Identify your lawmakers. The Washington State Legislative Home Page (www.leg.wa.gov) can help you find your state legislators and federal Congressional members with a click of the mouse. You can also track the status of a particular bill—and your lawmaker’s vote on that bill—from this site.
Know and use proper titles. When speaking to a state legislator, let the situation dictate the form of address. In a public setting, lawmakers should be recognized by their formal titles—even if you know them personally. (Examples: Senator Smith, Representative Jones, Governor Wilson).
When calling on government officials, dress appropriately. Formal meetings call for professional attire, as do appearances before legislative committees. Many hearings are also taped forbroadcast on the governmental affairs TV channel, TVW.
Get to the point. In plain English. During Session, Legislators are busy people and have little time for long explanations. And lawmakers may not be as familiar as you with the bills that interest you most. Session is extremely busy and hectic. Summarize your points in writing, too, so that you can submit your concerns after your meeting/testimony concludes.
Know the issues—the pros and the cons. It’s true that there’s more than one side to a story, and chances are, your lawmaker has heard all of them. Know the arguments of your issue and be prepared to hear all sides. Lawmakers also like to hear practical suggestions about the issues; be prepared to offer realistic solutions; and stay current on issues. Legislative Update
Get to know your lawmakers. Like any other relationship in your life, your connection with lawmakers must be tended to carefully. Take time after the busy legislative session to invite members to your events. Or add them to your newsletter distribution list so they can follow your progress on issues.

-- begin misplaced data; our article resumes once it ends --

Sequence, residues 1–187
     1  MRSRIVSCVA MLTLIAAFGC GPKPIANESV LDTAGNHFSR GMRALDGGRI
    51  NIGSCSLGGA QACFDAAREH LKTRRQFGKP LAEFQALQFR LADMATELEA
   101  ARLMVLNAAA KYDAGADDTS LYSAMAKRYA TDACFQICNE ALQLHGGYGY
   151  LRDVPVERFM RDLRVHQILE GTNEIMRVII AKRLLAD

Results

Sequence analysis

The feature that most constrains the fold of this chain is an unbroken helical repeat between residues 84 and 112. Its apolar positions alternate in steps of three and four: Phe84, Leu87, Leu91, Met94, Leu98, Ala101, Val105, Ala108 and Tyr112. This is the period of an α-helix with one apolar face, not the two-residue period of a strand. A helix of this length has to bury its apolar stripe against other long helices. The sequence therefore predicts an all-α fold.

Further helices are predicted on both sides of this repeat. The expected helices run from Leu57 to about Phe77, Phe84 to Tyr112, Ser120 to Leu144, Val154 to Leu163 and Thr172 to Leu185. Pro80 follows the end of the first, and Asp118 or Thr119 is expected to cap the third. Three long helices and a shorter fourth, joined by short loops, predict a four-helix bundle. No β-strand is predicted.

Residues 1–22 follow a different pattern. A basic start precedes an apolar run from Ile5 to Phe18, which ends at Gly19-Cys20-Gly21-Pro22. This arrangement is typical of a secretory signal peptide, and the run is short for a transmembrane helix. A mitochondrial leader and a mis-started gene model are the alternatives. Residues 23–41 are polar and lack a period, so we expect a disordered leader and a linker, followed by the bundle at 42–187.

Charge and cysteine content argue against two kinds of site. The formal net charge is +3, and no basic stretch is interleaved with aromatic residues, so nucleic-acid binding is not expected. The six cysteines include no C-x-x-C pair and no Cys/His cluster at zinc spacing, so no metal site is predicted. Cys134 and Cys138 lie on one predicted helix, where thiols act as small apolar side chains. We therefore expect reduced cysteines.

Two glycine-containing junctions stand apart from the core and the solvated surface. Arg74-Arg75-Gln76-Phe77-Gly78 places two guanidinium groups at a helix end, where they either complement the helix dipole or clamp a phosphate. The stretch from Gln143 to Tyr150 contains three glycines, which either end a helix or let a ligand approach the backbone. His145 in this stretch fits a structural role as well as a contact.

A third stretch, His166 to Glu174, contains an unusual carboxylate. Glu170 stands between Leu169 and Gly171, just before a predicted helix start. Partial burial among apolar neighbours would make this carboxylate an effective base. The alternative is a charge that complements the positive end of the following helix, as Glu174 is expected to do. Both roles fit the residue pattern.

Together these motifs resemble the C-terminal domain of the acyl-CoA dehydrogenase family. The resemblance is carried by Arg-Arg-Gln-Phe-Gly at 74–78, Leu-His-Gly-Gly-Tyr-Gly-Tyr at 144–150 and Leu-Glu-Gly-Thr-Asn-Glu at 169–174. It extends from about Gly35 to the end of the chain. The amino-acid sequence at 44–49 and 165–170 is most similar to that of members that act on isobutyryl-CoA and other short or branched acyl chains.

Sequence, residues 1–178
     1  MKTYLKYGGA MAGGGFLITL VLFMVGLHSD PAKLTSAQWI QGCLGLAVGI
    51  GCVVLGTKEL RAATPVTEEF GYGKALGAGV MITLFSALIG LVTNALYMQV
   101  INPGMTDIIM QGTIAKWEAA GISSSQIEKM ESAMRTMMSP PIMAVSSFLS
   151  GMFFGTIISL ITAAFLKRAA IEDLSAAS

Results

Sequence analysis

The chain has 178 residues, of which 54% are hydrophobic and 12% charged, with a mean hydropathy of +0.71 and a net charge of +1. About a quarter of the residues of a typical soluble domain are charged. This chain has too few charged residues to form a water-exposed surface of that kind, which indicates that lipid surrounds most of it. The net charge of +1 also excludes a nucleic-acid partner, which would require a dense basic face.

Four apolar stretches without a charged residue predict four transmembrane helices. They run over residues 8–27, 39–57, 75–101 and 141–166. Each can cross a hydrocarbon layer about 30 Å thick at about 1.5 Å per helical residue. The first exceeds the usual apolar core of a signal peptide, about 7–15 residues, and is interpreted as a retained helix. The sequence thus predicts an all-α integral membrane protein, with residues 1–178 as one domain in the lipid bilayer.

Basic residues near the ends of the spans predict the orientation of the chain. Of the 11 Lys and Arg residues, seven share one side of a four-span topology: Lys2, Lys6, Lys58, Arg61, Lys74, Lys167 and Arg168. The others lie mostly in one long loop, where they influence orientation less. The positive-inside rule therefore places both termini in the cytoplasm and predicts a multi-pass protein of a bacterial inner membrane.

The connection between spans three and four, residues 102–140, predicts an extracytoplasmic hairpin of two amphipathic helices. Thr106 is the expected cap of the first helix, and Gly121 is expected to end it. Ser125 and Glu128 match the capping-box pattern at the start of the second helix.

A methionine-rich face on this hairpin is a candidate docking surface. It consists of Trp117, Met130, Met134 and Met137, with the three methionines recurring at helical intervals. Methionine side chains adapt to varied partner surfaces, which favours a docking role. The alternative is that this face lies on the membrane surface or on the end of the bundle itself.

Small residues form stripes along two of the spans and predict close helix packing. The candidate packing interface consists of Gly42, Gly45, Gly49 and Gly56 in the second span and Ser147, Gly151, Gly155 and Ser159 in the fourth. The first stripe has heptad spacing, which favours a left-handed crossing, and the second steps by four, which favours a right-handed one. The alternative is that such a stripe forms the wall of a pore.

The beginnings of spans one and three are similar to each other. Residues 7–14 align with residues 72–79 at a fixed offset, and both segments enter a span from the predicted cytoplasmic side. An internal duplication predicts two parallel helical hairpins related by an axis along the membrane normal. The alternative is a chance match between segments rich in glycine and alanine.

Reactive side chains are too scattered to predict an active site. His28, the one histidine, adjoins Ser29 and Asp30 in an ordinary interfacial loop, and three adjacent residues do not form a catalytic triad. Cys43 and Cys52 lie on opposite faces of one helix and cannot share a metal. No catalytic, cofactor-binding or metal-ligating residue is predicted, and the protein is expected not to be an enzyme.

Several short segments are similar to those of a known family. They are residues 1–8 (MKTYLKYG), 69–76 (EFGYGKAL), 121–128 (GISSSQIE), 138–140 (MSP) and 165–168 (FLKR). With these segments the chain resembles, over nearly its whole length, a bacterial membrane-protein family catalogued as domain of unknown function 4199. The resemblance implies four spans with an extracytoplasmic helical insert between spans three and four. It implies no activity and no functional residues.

Don’t overlook legislative staff. Aides and committee staff are critical to the legislative process. In fact, Legislators rely heavily on their knowledge of the issues for gathering information and analysis. They are also more accessible than many lawmakers, and can become an important ally in your efforts to discuss an issue or idea with a lawmaker. You can also become a valuable resource for them in sharing your
knowledge of issues.
Use multiple means of communication. Technology can connect you with lawmakers by phone, fax and email. But don’t overlook the value of face-to-face, sit down meetings back home in your district, especially after session concludes.
Consider testifying. By tracking legislation of interest, you’ll be able to plan ahead for hearings and prepare testimony in advance. Take your comments with you in writing to leave with the committee to reinforce your testimony.
Consider taking a guided tour of the Capitol campus. It can feel overwhelming if you aren’t familiar with the Capitol campus. Trying to find a hearing room and arriving in a timely manner, before the hearing begins, can reduce the stress of trying to locating it and arriving later.
--With minor alterations, this information is provided by the Washington School Principals Association.